I tend to see the beauty in everything, the useful in the useless and the repairable in the broken.
The wonderful Deanna Lewis of Heirloom Restorations gave me the opportunity and challenge to do just that. She gave me measurements and a photo of rustic shelving that will go into one of her amazing historical renovations here in Richmond, the "Netherwood's".
The first step this past Monday, the 10th, was to force open (without breaking) the cargo container. Using my noodle and a little brute force, we got in. Well, the joists Deanna needed were under probably over 100 pounds of aged materials. I went home, changed into grubs and grabbed my 20,000 lb tow hook. Popping my Chevy into four wheel drive, I carefully teased 3 joists out.
These puppies were 144 years of ick. I bleached, washed and inspected them. "Measure twice, cut once" was an adage that my Grandfather, David Genz, always said. Certainly, that was done. I set all of the 33", 21" and 18" into a little heated area in my garage to dry them out.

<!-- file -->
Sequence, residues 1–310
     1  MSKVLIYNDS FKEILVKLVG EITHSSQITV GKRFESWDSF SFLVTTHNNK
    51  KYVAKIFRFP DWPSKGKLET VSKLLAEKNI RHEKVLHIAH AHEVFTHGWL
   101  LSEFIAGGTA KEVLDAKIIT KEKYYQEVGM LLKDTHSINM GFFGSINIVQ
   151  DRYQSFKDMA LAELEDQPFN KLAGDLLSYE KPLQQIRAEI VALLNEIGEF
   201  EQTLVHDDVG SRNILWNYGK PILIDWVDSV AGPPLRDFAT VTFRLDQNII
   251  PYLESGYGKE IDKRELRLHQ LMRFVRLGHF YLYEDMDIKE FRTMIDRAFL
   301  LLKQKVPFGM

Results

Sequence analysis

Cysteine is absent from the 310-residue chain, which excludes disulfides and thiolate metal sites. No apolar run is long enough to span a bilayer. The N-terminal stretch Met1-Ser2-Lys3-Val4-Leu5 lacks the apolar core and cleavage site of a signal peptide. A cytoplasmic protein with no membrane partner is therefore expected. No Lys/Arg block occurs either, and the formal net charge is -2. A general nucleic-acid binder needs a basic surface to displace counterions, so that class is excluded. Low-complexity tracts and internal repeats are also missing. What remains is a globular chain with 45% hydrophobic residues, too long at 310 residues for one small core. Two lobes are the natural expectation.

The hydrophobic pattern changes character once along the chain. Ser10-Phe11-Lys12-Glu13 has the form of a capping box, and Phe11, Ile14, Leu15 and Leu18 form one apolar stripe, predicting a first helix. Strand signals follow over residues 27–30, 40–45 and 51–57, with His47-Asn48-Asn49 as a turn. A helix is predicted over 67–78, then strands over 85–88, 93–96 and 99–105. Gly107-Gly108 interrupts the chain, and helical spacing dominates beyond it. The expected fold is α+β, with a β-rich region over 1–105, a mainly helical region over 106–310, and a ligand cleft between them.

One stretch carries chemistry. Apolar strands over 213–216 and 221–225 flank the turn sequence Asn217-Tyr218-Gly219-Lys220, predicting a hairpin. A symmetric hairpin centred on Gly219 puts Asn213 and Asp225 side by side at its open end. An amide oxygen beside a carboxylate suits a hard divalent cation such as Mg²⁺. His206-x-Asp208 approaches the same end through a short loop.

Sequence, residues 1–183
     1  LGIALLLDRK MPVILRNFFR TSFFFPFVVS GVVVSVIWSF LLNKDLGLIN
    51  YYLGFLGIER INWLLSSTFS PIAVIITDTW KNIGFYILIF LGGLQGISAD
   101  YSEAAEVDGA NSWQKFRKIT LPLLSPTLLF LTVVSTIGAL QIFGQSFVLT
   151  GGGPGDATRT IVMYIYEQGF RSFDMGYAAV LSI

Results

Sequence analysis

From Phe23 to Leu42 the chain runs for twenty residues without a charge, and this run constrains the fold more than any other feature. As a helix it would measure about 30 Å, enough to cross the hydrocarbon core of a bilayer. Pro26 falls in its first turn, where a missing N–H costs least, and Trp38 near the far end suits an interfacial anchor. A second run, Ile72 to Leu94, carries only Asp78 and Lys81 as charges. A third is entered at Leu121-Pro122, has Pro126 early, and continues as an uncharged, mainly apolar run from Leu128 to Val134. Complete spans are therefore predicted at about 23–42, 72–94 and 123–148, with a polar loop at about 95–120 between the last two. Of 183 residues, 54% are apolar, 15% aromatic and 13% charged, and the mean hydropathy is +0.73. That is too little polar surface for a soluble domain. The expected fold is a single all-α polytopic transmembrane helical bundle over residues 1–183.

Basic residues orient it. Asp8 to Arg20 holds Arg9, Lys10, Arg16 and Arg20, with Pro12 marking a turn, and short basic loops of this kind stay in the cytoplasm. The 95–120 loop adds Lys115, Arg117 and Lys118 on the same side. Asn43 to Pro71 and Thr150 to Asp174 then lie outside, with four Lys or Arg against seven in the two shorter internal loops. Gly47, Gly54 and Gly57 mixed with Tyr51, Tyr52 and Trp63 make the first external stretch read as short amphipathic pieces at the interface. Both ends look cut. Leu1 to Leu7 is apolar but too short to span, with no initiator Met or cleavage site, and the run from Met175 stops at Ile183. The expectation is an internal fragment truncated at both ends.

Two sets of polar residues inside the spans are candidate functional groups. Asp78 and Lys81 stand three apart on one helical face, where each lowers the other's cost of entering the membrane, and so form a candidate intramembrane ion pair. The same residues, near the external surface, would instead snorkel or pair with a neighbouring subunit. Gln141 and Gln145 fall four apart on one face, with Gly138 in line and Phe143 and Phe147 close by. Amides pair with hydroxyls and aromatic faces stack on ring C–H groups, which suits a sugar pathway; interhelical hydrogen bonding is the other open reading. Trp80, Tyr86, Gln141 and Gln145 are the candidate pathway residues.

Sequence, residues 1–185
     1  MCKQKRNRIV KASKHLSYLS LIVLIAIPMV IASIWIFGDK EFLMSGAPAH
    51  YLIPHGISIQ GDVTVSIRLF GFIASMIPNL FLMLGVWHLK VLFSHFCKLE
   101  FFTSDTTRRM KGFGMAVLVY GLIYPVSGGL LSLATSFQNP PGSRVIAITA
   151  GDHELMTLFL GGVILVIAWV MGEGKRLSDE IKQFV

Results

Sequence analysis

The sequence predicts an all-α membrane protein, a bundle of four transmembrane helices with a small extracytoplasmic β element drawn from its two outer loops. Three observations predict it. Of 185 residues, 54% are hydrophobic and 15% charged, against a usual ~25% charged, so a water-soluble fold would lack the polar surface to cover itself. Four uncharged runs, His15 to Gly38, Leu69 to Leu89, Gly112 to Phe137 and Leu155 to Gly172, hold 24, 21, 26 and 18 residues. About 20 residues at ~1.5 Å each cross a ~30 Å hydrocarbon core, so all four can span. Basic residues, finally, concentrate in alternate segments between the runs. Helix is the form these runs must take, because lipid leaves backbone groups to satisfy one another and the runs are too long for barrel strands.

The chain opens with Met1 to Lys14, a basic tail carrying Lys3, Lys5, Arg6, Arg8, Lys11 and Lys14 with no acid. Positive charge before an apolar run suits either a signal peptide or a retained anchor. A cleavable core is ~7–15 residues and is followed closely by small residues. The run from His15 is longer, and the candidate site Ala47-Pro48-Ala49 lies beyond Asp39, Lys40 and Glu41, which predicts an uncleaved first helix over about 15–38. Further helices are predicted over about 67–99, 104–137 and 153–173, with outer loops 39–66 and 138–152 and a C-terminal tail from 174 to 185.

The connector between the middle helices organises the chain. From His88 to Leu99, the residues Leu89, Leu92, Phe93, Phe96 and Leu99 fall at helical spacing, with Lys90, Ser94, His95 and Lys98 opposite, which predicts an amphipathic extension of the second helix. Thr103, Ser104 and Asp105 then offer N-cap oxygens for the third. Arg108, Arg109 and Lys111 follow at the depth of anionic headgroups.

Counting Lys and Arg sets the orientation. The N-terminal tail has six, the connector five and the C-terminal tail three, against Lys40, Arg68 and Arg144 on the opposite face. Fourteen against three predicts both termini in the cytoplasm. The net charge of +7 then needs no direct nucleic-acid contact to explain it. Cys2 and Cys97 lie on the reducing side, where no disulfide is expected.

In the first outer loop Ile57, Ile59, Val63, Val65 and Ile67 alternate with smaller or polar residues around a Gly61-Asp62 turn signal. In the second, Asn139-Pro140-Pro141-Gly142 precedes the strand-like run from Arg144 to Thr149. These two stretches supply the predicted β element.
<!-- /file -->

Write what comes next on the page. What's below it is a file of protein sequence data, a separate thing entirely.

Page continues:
The next few days were spent planing between my Grandfather's 1951 Craftsman and my electric Makita from around the 60s. Then there was the sanding... talk about vibration. Hours and hours of sanding from 60 grit all the way to 220 with my trusty orbital. I rounded sharp edges, smoothed to a soft skin texture and distressed/weathered natural areas of the wood, turning each into a unique art piece.
Polyurethane. Wax. 320 grit sand paper. This equation equaled hours of teasing and over perfection. The result is a stack of floating shelves that those major companies would be jealous of. Those are pretty much mass produced as well as some just being overpriced fakes.
These...these are the wooden bones of Richmond brought back to life. They were damaged, laid useless, begging for another chance. People walked, danced, sang, ate their dinners and had family times over top of these. Now they will be brought into the light and their warm, rustic characteristics admired for some time to come.